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Helen Owton, PhD, CPsychol; Jacquelyn Allen-Collinson, PhD; A. Niroshan Siriwardena, MBBS, MMedSci, PhD
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FINANCIAL/NONFINANCIAL DISCLOSURES: None declared.

CORRESPONDENCE TO: Helen Owton, PhD, CPsychol, The Open University, Childhood, Youth & Sport, Walton Hall, Milton Keynes MK7 6AA, England


Copyright 2016, American College of Chest Physicians. All Rights Reserved.


Chest. 2016;149(1):283. doi:10.1016/j.chest.2015.09.028
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We thank Dr Gibson et al for their letter in support of our article advocating greater use of a narrative approach to enhance clinical care for asthma and their helpful reference to the Asthma UK survey in support of this.

We agree that asking questions about symptoms and response to treatment is of key importance, and would also emphasize that a narrative approach involves much more than this. It is also about how the skills of open questioning and active listening are used to understand complex storied aspects of clinical work in patients with asthma; this also enables patients to describe the story of their illness in a way that is meaningful for them, allowing them to share decisions on treatment with their clinician (and other health-care providers) and, ultimately, to improve self-care. Falling under the rubric of a narrative approach is the need to explore the use of tone and metaphors in individuals’ narratives of asthma that, we argue, may provide clinicians with a key indicator of how patients are actually living and coping with asthma.

We were primarily interested in investigating this approach to enhance clinical communication between patients (including parents and their children with asthma) and medical or nursing staff. We also agree with Gibson et al that the development of school-based, including peer-led, educational programs for children with asthma is a potentially useful way to enhance self-care and improve outcomes. It is certainly of research interest to identify and explore the forms of coping mechanisms employed by young people in managing their asthma, and it is encouraging to learn that research has found that engaging the curiosity of school children is an effective method of improving understanding of asthma and its management in this population. Increasing patients’ (both adults and children) confidence in managing their asthma may also facilitate a more patient-centered consultation where both patients and clinicians are able to share their expertise to improve the effectiveness and experience of care.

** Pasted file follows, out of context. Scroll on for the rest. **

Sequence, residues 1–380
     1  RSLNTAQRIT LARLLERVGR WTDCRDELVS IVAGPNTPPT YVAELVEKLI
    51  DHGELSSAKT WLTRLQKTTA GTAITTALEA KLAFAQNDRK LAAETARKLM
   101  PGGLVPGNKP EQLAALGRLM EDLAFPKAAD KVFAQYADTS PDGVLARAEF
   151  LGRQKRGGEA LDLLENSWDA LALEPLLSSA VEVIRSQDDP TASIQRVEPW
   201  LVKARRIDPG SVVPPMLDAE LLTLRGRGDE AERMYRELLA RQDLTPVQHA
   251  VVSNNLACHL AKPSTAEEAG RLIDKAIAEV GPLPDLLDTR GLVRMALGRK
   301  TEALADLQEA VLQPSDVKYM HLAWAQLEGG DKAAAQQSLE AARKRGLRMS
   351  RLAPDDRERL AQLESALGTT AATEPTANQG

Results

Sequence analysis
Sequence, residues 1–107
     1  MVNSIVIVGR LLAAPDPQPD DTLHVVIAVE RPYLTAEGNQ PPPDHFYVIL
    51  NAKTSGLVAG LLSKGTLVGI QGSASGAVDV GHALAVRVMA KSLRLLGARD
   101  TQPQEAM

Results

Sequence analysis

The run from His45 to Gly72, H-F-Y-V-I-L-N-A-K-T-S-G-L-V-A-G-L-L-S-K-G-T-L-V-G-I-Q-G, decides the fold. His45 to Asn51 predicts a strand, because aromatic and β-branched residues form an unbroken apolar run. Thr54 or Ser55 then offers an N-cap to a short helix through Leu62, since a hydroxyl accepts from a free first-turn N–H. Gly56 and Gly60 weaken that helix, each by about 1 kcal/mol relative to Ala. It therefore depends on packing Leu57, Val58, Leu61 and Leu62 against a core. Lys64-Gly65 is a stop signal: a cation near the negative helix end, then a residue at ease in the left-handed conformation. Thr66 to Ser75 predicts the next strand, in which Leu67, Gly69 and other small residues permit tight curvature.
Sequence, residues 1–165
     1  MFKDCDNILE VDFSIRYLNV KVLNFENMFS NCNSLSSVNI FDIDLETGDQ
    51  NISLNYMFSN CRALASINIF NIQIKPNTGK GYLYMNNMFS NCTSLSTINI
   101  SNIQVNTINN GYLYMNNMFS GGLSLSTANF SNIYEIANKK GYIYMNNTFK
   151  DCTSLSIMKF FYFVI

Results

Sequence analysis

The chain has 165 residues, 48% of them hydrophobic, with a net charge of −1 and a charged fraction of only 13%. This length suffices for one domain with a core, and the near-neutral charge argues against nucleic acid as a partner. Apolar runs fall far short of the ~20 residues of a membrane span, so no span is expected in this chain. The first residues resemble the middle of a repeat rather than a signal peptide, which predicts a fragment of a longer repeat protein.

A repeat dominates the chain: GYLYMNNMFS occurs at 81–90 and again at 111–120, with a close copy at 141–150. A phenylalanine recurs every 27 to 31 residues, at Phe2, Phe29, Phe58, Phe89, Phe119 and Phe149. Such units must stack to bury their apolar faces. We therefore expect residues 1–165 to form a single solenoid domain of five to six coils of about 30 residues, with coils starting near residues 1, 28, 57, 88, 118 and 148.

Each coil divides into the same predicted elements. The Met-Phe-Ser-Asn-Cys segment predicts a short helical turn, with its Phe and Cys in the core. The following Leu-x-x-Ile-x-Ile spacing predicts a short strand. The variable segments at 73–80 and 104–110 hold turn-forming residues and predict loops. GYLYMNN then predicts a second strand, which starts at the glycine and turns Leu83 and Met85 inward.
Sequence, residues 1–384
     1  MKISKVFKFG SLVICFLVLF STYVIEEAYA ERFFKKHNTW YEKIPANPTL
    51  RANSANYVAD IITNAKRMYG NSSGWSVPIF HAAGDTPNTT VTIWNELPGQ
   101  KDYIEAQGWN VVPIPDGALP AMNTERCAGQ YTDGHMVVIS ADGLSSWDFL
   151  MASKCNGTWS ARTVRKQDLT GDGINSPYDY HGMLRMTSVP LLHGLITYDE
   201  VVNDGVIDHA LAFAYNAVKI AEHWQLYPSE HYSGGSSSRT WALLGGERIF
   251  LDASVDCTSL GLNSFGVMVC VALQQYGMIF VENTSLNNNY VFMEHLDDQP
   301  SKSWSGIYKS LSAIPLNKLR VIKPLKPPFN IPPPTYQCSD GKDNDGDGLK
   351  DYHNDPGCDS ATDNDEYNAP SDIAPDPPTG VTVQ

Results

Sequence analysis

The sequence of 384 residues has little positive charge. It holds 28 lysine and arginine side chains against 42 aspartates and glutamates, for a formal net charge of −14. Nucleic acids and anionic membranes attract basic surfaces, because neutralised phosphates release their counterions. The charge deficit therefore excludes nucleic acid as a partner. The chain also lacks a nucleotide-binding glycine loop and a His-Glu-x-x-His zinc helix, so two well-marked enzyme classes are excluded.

References

Gibson L. .Kearney J. .Everson L. .Coppel J. .Chodhari R. . Childhood Asthma: A Narrative Approach. Chest. 2016;149:282-283 [PubMed]journal. [CrossRef] [PubMed]
 
Owton H. .Allen-Collinson J. .Siriwardena N.A. . Using a narrative approach to enhance clinical care for patients with asthma. Chest. 2015;148:288-293 [PubMed]journal. [CrossRef] [PubMed]
 
Coppel J.D.R. .Gibson L.L. .Chodhari R. . P73-Speak Up For Asthma (SUFA) Program for schoolchildren in London—a pilot study. Clin Translat Allergy. 2014;4:128- [PubMed]journal
 

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References

Gibson L. .Kearney J. .Everson L. .Coppel J. .Chodhari R. . Childhood Asthma: A Narrative Approach. Chest. 2016;149:282-283 [PubMed]journal. [CrossRef] [PubMed]
 
Owton H. .Allen-Collinson J. .Siriwardena N.A. . Using a narrative approach to enhance clinical care for patients with asthma. Chest. 2015;148:288-293 [PubMed]journal. [CrossRef] [PubMed]
 
Coppel J.D.R. .Gibson L.L. .Chodhari R. . P73-Speak Up For Asthma (SUFA) Program for schoolchildren in London—a pilot study. Clin Translat Allergy. 2014;4:128- [PubMed]journal
 
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